The judge said he acknowledged that the US document "must have been obtained unlawfully, and in all probability by the commission of a criminal offence or offences under the law of the United States of America".

He added: "I understand why it is the policy of HM Government neither to confirm nor deny the genuineness of leaked documents, save in exceptional circumstances, particularly where, as here, the documents in question are not those produced or received by the UK Government.

"However, the documents have been leaked and indeed widely published."

No application had been made for a public interest immunity certificate to prevent the courts openly investigating the genuineness of the cable.

He ruled: "I do not see how the present claim can be fairly or justly determined without resolving the allegation made by the claimant, based on the WikiLeaks documents, as to what transpired at the meeting of 12 May 2009, and more widely whether at least one of the motives for the creation of the MPA was the desire to prevent resettlement.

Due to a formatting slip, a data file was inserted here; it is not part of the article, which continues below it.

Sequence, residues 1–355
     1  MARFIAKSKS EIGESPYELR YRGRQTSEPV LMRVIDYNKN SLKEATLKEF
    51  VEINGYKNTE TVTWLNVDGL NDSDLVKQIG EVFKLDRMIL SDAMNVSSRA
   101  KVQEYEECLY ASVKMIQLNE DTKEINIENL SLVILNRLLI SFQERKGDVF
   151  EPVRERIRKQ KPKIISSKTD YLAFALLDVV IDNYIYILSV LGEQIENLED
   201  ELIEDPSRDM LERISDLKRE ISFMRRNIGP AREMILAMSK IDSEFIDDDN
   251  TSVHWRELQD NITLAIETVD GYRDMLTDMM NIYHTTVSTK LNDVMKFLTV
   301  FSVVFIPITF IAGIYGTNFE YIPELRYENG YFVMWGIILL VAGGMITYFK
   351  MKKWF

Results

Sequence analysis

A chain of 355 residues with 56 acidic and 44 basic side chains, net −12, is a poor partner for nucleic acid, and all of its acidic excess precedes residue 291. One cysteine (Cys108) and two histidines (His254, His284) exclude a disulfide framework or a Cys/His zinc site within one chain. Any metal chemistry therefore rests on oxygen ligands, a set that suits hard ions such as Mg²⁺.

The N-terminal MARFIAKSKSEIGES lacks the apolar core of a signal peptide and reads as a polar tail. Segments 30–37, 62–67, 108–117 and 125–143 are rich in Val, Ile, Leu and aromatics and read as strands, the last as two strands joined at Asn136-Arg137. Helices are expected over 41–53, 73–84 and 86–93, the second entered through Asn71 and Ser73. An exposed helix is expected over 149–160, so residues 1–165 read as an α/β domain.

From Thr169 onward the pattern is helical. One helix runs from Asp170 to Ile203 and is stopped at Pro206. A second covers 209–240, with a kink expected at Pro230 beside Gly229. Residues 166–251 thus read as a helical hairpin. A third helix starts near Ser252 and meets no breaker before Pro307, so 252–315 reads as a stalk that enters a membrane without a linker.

"Given the conflicting evidence, in my judgment, in order to resolve the dispute, oral evidence will be necessary, including cross-examination of Mr Roberts and Ms Yeadon."

PA

Start your day with The Independent, sign up for daily news emails
Voices
voices
News
general electionThis quiz matches undecided voters with the best party for them
Arts and Entertainment
Keira Knightley and Matthew Macfadyen starred in the big screen adaptation of Austen's novel in 2005
tvStar says studios are forcing actors to get buff for period roles
News
Prince William and his wife Catherine, Duchess of Cambridge show their newly-born daughter, their second child, to the media outside the Lindo Wing at St Mary's Hospital in central London, on 2 May 2015.
news
Have you tried new the Independent Digital Edition apps?
ebooks
ebooksA celebration of British elections
  • Get to the point
2015 General Election
May2015

Poll of Polls